The family members of the patient reported that the patient had experienced nausea, vomiting, loss of appetite, and fatigue in the past 6 months. He had taken some Chinese herbs for 2 months, but his condition did not improve. He had lost approximately 10 kg in weight since the onset of illness. The test results in the ED showed blood serum potassium 6.97 mmol/l, blood serum sodium 100.9 mmol/l, and blood serum chlorine 74.1 mmol/l. Blood hormone levels during hospitalization were cortisol 2.3 μg/dl↓(8 am), 2.5 μg/dl↓(4 pm), 2.7 μg/dl↓(0 am), adrenocorticotropin (ACTH) 243.7 pmol/l↑(8 am), 270.1 pmol/l↑(4 pm), 216.2 pmol/l↑(0 am), blood aldosterone (ALD) 12 pg/ml↓, and renin (DRC) > 500 μIU/ml↑. Tuberculosis-related test results a positive Mycobacterium tuberculosis conformity group (MTB) DNA test, a positive rifampicin resistance (Rif Resistance) gene test, and a positive T-SPOT test (stimulation level ˃ 10, positive level 5.87, and background level 0.07). After ECMO and artificial ventilation were discontinued, imaging examination of the patient revealed multiple plaques and nodules in both lungs, multiple nodules in both adrenal glands, bone destruction of the second and third lumbar vertebrae, calcification of paravertebral soft tissue, and a mass lump in the right psoas muscle, suggesting the possibility of tuberculosis (see Figs. 1, 2, 3, 4, 5 and 6). Therefore, the patient was finally diagnosed with multiple tuberculosis infections throughout the body and adrenal tuberculosis complicated with chronic adrenal cortex insufficiency, which caused severe hyperkalemia and hyponatremia, leading to cardiac arrest.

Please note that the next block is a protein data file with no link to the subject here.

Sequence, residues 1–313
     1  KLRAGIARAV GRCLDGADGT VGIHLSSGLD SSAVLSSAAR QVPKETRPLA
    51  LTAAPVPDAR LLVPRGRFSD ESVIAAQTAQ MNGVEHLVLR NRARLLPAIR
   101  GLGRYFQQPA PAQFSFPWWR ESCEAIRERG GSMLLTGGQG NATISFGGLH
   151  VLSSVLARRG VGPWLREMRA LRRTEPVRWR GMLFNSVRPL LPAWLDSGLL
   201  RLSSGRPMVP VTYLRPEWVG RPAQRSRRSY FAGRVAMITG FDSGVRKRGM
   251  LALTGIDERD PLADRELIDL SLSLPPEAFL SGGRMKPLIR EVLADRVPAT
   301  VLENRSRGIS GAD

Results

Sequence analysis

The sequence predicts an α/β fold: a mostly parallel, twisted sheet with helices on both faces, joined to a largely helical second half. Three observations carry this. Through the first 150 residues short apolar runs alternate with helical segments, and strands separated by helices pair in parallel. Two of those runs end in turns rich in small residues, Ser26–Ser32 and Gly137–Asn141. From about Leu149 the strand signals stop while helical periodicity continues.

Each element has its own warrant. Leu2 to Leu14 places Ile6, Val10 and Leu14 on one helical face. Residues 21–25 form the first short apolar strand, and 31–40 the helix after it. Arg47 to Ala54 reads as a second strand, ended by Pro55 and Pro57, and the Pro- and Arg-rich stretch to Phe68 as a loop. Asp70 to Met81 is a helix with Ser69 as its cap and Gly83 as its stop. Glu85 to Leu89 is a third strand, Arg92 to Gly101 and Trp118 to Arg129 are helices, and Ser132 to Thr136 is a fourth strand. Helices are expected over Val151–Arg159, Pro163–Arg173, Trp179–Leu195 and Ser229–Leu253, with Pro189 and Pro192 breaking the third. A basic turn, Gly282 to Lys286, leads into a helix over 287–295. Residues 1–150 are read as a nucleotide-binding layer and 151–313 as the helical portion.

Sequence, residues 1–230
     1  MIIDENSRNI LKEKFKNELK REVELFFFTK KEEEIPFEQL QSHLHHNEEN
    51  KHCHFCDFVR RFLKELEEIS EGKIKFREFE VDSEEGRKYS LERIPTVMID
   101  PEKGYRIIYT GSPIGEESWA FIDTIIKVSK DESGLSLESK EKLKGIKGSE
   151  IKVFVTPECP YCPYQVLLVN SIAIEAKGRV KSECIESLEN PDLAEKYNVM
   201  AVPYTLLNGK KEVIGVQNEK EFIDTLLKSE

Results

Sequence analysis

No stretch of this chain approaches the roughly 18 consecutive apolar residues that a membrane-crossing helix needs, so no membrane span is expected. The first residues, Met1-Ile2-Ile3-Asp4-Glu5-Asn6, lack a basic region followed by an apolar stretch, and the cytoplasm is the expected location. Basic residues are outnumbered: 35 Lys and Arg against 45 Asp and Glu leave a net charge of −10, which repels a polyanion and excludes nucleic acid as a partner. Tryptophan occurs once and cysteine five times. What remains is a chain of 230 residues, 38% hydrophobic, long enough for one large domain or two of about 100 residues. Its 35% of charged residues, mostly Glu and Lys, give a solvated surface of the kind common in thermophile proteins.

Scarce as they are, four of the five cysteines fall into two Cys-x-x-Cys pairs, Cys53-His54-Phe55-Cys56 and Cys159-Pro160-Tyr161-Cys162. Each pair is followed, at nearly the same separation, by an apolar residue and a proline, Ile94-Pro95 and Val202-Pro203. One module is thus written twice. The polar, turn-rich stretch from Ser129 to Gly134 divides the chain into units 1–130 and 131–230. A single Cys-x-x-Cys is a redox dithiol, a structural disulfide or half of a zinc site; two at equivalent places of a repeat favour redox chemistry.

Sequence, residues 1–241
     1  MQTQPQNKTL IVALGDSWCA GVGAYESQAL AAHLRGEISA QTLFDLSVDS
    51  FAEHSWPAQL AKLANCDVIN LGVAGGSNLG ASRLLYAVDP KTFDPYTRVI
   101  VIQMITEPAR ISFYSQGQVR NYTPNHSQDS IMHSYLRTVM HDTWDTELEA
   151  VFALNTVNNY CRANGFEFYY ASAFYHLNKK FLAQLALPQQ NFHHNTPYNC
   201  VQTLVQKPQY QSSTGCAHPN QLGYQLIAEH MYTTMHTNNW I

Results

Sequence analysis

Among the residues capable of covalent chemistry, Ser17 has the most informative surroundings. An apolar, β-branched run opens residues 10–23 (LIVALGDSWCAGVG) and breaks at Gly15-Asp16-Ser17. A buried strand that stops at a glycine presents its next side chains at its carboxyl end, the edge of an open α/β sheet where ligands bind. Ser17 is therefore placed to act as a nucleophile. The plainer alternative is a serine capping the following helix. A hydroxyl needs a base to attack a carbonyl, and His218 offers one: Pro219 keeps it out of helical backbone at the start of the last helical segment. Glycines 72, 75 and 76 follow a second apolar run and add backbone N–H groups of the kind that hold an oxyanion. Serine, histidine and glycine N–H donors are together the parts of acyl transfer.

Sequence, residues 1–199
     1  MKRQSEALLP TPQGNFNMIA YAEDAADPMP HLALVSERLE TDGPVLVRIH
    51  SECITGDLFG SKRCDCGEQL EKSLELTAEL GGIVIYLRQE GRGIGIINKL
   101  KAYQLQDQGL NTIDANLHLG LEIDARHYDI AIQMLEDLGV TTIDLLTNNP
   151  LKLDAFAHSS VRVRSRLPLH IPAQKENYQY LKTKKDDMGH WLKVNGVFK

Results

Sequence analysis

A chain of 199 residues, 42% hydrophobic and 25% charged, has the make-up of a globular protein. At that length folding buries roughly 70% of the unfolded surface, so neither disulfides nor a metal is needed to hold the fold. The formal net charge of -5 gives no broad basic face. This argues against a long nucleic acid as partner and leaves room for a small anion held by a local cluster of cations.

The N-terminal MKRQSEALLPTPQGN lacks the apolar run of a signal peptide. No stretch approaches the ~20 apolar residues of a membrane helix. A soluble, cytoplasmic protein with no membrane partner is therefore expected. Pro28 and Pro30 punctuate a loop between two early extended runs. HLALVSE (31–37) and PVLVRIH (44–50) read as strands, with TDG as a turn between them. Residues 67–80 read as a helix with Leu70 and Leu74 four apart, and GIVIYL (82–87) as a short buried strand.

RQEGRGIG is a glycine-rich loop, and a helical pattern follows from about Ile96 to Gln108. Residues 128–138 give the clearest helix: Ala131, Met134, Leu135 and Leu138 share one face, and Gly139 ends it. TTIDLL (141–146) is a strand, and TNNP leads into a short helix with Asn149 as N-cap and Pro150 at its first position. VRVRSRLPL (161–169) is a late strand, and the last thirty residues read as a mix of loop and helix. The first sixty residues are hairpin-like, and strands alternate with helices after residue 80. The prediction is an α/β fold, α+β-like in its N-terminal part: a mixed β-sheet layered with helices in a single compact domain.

Fig. 1
figure 1

CT pictures displaying multiple tuberculosis lesions throughout the body

Fig. 2
figure 2

CT pictures displaying multiple tuberculosis lesions throughout the body

Fig. 3
figure 3

CT pictures displaying multiple tuberculosis lesions throughout the body

Fig. 4
figure 4

CT pictures displaying multiple tuberculosis lesions throughout the body

Fig. 5
figure 5

CT pictures displaying multiple tuberculosis lesions throughout the body

Fig. 6
figure 6

CT pictures displaying multiple tuberculosis lesions throughout the body

In the EICU, the patient was given mild hypothermia, a ventilator to assist breathing, and hormone replacement therapy, to correct his electrolyte imbalance. Because the velocity time integral (VTI) of aortic flow was too low, the patient was also treated with intra-aortic balloon counterpulsation (IABP). As the blood pressure increased, we gradually reduced the dose of vasoactive drugs. After 187 h of ECMO, the heart function recovered, and the myocardial electrical activity stabilized. In the end, the patient successfully left the EICU for further rehabilitation and was transferred to the infectious disease specialist hospital for standardized anti-tuberculosis treatment.